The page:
Fossil Fuel Subsidies at $2 Trillion, Despite Global Condemnation

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Jan 302014

Despite a growing consensus that support for the oil and gas industry is unfair, inefficient and globally dangerous, there’s no actual implementation of plans to change it.

By Carey L. Biron | January 30, 2014
WASHINGTON – Global tax breaks, incentives, and various other consumption and production subsidies for the fossil fuel industry are likely topping $2 trillion each year, amounting to 2.5 percent of total gross domestic product for 2012. After a dip in the immediate aftermath of the global financial recession, these figures have risen in recent years, according to a new report from Worldwatch, a Washington-based think tank. Incentives for renewable energy sources remain tiny by comparison, estimated at just $88 billion for 2011. (…)
“In the U.S., a lot of this is just lip service. The country is really not yet walking the walk,” Alexander Ochs, director of climate and energy at the Worldwatch Institute, told MintPress. “Both nationally and internationally, we have not made any significant progress toward the goal of reducing subsidies, which was actually declared quite a long while ago. In my view, it’s outrageous that we’re not making any more progress.”
[You can find the whole story here]


Apr 022013

Applications of ESMAP’s Model for Electricity Technology Assessment (META) in the Caribbean Islands and Central America  

Tuesday, April 2, 2013 | 12:30 – 2:00pm 1850 I Street, NW, Washington, DC | Room I2-220

The selection of electricity supply technology is critical for designing new power generation projects, and associated transmission and distribution facilities. These choices are increasingly complex due to the pace of technological change, rapid shifts in equipment and fuel prices, availability of comparable data, and the challenge of reducing carbon emissions.To help electricity policy-makers and planners select the most appropriate options, ESMAP has developed the Model for Electricity Technology Assessment (META).  The tool provides a comparative assessment of the levelized costs for a range of electricity supply options, including renewable energy.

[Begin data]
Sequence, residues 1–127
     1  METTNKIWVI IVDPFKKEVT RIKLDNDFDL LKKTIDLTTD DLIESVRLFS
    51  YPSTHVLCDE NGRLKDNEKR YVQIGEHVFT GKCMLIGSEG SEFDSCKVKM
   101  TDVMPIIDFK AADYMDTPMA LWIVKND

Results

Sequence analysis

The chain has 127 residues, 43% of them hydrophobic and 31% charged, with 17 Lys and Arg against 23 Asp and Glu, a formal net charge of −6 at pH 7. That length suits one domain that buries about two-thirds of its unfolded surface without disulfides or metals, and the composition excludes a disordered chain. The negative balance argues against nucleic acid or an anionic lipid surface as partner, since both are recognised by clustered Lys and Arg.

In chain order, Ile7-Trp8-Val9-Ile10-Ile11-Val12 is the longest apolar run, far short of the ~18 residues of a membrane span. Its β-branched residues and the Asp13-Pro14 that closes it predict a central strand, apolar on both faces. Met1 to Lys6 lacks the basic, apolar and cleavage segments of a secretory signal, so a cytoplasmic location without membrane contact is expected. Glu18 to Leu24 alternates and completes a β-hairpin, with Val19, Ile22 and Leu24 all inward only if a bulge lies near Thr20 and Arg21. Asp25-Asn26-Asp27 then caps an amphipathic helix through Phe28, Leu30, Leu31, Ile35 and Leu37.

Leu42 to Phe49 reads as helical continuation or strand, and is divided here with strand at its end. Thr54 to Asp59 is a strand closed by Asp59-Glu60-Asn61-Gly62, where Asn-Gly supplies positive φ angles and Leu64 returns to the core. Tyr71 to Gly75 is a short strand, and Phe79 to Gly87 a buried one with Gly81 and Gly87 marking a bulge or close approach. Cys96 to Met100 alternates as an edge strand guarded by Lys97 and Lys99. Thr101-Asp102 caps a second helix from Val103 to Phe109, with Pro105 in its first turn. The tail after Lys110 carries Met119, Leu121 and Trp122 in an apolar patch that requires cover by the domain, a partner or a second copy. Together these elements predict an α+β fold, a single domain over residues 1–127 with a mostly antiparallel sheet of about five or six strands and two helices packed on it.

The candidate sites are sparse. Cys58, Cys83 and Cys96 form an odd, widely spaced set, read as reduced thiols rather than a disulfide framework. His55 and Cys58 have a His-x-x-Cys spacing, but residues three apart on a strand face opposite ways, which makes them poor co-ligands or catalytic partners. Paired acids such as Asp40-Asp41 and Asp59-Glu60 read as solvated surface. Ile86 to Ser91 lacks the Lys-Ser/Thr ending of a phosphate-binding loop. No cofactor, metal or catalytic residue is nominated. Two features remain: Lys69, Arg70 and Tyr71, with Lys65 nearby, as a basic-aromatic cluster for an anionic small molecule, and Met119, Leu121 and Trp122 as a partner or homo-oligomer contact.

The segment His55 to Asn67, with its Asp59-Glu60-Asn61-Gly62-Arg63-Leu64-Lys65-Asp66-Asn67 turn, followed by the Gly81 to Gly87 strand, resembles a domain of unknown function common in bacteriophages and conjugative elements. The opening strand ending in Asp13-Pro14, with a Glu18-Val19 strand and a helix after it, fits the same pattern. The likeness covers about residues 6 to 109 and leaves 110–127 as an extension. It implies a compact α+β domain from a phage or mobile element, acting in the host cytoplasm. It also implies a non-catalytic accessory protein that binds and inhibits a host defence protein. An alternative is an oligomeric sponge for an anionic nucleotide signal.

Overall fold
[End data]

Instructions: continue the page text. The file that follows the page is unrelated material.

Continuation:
Chair: Rohit Khanna | Program Manager, ESMAP, The World Bank

Alexander Ochs| Director of Climate and Energy, Worldwatch Institute
Fredric Verdol  
| Power Engineer, LCSEG, The World Bank
Michael Weber  | Research Coordinator, Worldwatch Institute

World Bank Group Staff
External participants





The model takes into account changes in capital and operating costs over time, environmental externalities, and transmission and distribution options. This session will present examples of META’s use in the Caribbean Islands and Central America by the World Watch Institute and The World Bank.

The session will particularly focus on presenting excerpts from Worldwatch’s work in Jamaica and The World Bank’s work in Haiti.

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